Marijuana and the NFL

One of our very first Freakonomics Radio podcasts focused on brain trauma among NFL players. Writing for Vice, David Bienenstock argues that NFL players might benefit hugely from medical marijuana. He points to an editorial in the Washington Post earlier this year, describing research indicating that marijuana could protect player's brains from the long-term effects of traumatic brain injuries:

As it turns out, recent studies are starting to contradict the notion that marijuana kills brain cells. Last year, researchers at Tel Aviv University in Israel gave low doses of THC, one of marijuana’s primary cannabinoids, to mice either before or after exposing them to brain trauma. They found that THC produced heightened amounts of chemicals in the brain that actually protected cells. Weeks later, the mice performed better on learning and memory tests, compared with a control group. The researchers concluded that THC could prevent long-term damage associated with brain injuries. Though preliminary, this is just one of many promising studies exploring marijuana’s benefits for the brain.

Just How Bad Are Football Pundits at Picking Winners?

Answer: pretty bad! From a 1999 Journal of Business paper by Chris Avery and Judy Chevalier ...

Football Freakonomics: How Do Players' Body Clocks Affect Their Performance?

I have been lucky enough to visit the secret lair at the NFL's headquarters where each year a crew of industrious people try to come up with an NFL schedule that pleases every team, player, TV network, fan, mayor, police department, religious official, and sports pundit in America.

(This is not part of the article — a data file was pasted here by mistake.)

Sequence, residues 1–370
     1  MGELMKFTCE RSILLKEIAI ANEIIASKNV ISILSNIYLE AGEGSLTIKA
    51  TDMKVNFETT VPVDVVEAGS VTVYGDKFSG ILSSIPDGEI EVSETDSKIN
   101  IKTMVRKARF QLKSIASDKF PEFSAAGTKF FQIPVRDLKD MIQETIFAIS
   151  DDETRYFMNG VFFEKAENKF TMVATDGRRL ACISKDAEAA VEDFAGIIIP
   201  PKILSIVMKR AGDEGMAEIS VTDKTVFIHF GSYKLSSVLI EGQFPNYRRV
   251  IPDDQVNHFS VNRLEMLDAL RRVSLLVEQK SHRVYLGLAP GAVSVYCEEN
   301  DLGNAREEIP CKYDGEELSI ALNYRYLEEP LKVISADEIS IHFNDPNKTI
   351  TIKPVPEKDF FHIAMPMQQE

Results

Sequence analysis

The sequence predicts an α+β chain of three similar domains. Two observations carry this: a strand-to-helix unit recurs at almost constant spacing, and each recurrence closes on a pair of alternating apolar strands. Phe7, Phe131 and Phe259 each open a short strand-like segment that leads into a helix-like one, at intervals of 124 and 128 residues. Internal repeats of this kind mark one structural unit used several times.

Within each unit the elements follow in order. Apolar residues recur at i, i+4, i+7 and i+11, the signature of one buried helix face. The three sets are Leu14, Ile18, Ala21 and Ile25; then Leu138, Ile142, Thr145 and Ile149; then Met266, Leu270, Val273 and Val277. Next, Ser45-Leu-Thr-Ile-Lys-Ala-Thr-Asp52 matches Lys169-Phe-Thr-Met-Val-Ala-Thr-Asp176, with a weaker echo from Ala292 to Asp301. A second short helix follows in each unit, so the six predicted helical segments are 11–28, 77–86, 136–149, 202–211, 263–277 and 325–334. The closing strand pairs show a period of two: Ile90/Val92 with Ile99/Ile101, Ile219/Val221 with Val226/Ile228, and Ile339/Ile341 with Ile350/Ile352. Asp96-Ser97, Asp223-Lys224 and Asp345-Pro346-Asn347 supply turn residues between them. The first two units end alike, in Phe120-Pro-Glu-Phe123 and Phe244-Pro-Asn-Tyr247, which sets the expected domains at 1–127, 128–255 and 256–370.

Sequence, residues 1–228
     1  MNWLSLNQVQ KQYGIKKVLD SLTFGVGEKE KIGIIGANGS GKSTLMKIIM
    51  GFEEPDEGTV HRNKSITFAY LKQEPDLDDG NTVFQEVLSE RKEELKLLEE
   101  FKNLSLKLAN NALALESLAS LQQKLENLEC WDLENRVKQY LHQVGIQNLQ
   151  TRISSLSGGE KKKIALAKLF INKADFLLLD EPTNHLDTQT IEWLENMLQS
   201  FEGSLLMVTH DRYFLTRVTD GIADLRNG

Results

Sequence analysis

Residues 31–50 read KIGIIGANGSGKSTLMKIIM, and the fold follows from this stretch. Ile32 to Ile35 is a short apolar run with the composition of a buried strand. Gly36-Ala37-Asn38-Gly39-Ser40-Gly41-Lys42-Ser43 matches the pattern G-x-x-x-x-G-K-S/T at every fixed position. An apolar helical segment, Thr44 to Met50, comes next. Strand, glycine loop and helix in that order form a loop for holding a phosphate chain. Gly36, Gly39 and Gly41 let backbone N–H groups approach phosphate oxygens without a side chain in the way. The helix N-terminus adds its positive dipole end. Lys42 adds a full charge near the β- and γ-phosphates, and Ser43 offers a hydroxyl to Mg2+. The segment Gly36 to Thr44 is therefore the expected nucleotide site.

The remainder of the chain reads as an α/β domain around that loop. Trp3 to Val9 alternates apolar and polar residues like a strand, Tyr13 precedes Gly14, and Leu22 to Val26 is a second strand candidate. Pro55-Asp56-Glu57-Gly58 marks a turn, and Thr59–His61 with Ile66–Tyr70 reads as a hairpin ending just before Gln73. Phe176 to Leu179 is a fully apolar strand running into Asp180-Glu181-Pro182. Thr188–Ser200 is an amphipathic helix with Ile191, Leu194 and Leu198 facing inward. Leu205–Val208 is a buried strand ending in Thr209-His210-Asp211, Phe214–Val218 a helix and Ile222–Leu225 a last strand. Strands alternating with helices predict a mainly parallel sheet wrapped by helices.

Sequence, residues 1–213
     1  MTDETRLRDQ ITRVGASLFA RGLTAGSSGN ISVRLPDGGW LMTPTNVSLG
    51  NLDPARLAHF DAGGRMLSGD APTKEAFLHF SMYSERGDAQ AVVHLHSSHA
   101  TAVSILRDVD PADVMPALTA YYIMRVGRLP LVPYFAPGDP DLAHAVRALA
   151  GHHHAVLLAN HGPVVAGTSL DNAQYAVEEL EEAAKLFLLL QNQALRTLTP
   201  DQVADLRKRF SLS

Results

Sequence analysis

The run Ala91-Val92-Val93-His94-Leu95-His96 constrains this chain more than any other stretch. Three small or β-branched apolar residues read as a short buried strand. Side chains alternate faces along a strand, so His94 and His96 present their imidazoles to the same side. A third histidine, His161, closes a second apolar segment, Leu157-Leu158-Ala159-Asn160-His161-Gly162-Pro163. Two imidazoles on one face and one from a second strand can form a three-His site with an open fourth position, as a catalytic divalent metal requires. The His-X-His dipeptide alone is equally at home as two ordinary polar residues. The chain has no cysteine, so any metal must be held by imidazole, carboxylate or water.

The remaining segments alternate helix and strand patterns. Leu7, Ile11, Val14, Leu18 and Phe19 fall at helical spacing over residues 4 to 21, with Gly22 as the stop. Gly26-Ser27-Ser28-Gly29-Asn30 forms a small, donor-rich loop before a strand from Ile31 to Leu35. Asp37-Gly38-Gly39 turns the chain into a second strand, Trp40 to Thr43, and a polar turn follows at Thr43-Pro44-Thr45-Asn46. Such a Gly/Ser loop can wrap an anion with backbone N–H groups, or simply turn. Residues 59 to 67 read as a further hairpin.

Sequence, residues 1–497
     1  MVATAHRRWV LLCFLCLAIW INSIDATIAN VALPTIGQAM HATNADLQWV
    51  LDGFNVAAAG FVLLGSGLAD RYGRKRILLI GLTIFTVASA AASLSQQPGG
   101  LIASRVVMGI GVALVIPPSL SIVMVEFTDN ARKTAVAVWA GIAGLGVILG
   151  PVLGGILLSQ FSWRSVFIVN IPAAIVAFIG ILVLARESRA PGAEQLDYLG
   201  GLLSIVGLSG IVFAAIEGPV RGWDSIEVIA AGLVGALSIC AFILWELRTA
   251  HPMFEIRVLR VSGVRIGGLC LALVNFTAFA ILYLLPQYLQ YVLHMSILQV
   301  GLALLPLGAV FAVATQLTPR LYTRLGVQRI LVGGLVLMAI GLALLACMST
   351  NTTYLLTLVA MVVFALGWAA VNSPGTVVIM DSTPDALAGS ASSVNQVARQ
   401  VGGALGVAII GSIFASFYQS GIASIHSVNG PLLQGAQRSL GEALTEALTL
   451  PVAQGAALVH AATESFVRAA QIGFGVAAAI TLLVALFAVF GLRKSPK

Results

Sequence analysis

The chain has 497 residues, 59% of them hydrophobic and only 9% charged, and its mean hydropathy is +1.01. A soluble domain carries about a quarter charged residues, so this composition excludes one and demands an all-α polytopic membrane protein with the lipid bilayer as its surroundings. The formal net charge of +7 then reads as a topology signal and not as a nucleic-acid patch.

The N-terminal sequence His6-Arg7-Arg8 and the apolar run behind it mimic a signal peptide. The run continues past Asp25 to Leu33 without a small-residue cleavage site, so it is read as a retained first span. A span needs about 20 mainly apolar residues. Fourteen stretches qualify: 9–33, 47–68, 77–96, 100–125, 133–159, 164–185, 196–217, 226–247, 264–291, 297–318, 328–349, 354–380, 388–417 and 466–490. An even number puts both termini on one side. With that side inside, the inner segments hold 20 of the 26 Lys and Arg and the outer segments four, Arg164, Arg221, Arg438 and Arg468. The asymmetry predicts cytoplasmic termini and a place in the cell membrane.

This is of course impossible.

But they do try their best, and in today's Times there's a nice article by Judy Battista about how this year's schedule was made by the NFL's Howard Katz and his team.

After you look over the 2012-13 schedule, you might also want to take a look at the latest Football Freakonomics video we've done for the NFL Network. It considers the "body clock" factor on teams' schedules:

Questions That Come to Mind After Yesterday's Football Games

1. Who is more in need of a witness-protection program today: Billy Cundiff or Kyle Williams? (I'd pick Cundiff even though Williams is guiltier.)

2. Looks like defense really doesn't win championships. Here's the regular-season defensive ranking (yards per game) of the four teams who played yesterday: Ravens (3rd); 49ers (4th); Giants (27th); Patriots (31st). Giants will play Patriots in the Super Bowl.

3. At least the Harbaugh parents won't spend Feb. 5 in a Sophie's Choice situation -- but I'm guessing they would have preferred to.

Let's Hear About Your Favorite Football Books

On Tuesday, we shot the latest batch of our "Football Freakonomics" videos for the NFL Network.